Thursday, 2 February 2017

Torn Pages and using DBCC PAGE

Today's post is about torn pages and using the undocumented DBCC PAGE command within SQL. Occasionally you might find you need to run this command and in this example it's because I have received an error message that looks a bit like this:

SQL Server detected a logical consistency-based I/O error: torn page (expected signature: 0xaaaaaaaa; actual signature: 0xa9aaaaaa). It occurred during a read of page (1:25756919) in database ID 9 at offset 0x000031209ee000 in file 'F:\DATA\ScratchDatabase.mdf'

This is an error that has been picked up on one of my test systems and indicates that SQL Server has detected a torn page, that is a page that has been incorrectly written by SQL Server and possibly indicates a problem in the IO subsystem.

The problem here is that whilst we know the database and the page where the error has occurred we don't know the specific table the page belongs and importantly what type of page is in error. The reason why the page type is important is because this will drastically impact our recovery process but the first thing we will do is check a system table to see if any other page errors have been reported:

SELECT * FROM msdb..suspect_pages












2017-01-29 08:24:05.760

Here we can see that only one row has been returned, the event_type refers to a torn page, here's the full type descriptions and a link for more information:

1 = An 823 error that causes a suspect page (such as a disk error) or an 824 error other than a bad checksum or a torn page (such as a bad page ID).

2 = Bad checksum.

3 = Torn page.

4 = Restored (page was restored after it was marked bad).

5 = Repaired (DBCC repaired the page).

7 = Deallocated by DBCC.

To identify the table in error we will use DBCC PAGE. This command takes a database id (or name), file id and page id and will return the actual page information back to the results window (we need to enable trace flag 3604 to do this though); for my example I would use the following command:

DBCC PAGE (9, 1, 25756919, 0)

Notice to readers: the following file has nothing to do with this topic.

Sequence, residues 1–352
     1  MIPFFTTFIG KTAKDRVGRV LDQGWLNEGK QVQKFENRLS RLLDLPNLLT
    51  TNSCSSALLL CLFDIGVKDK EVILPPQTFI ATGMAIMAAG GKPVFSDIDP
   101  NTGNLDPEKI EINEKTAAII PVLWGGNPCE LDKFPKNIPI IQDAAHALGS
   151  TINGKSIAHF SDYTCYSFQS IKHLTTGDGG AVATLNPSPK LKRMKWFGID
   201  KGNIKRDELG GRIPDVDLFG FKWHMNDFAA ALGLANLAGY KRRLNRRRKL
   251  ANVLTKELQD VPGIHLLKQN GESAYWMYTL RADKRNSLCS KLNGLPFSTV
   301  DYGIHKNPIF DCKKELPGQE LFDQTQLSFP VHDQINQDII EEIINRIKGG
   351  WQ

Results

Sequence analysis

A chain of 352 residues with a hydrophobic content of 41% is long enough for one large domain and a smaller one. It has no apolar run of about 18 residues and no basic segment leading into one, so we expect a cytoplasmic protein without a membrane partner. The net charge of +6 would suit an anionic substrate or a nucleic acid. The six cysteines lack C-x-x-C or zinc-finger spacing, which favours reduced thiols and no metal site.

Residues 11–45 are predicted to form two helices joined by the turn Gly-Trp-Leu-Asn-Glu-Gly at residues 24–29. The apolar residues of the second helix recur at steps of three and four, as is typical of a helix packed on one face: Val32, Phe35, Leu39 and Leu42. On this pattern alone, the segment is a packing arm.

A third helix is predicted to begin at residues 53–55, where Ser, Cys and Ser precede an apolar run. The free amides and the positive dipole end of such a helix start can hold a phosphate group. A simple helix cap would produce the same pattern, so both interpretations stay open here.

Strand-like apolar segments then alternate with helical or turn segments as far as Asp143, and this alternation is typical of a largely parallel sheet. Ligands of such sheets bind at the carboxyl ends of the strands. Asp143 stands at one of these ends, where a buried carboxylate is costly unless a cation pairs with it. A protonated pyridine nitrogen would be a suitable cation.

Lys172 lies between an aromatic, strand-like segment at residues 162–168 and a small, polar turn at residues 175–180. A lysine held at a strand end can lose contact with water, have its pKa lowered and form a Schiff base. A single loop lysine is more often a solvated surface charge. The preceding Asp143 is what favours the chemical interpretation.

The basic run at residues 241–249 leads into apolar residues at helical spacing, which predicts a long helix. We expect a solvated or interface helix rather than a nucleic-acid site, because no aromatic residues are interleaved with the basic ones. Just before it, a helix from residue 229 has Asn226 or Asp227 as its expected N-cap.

This returns a lot of information to the results window (I can use the option WITH TABLERESULTS for a grid view) so I have removed a fair chunk of it and highlighted the two parts that I really need.

PAGE: (1:25756919)


Page @0x0000000728010000

m_pageId = (1:25756919)             m_headerVersion = 1                 m_type = 2

m_typeFlagBits = 0x0                m_level = 0                         m_flagBits = 0x104

m_objId (AllocUnitId.idObj) = 266296m_indexId (AllocUnitId.idInd) = 256

Metadata: AllocUnitId = 72057611489902592                               

Metadata: PartitionId = 72057607060652032                                Metadata: IndexId = 20

Metadata: ObjectId = 567673070      m_prevPage = (1:25756918)           m_nextPage = (1:38369560)

The first is Metadata: ObjectId = 567673070 which refers to the table that this page belongs to. The second is Metadata: IndexId = 20 which tells me as it isn't 0 (heap) or 1 (clustered index) that the page error is within a non-clustered index and I can use the following code to identify the actual index where the problem lies.

SELECT * FROM sys.indexes WHERE index_id = 20 AND object_id = 567673070

This returns the suspect index and to resolve we can very simply drop and recreate the index effectively reallocating the pages, suspect and all. This is potentially much quicker than performing a full restore and I have lost count of the times I have seen people resort to a full restore without checking the actual type of page corruption that they're attempting to resolve.

Another option here is that because we know the effected table we can run a DBCC CHECKTABLE command (rather than a DBCC CHECKDB on the entire database), passing in the full table name as a parameter; to get the name of the table we use our ObjectId again that was returned from DBCC PAGE with the following:


This would return the table name that we can use to check the structure to see if our page issue has been resolved:


DBCC results for 'ETL_TestLoad'.
There are 341465 rows in 93513 pages for object "ETL_TestLoad".
DBCC execution completed. If DBCC printed error messages, contact your system administrator.

Using DBCC CHECKTABLE in this scenario may have proven that our torn page has been resolved but you should always, without question, perform a full database consistency check to look for further errors. In the event of IO issues this could easily return more and more page problems, maybe irrecoverable data page ones at that. Any page read/write errors must result in both a full consistency check and a check with the storage people to see if they can see any underlying issues.

For some further reading check out my post: How to consistency check large databases

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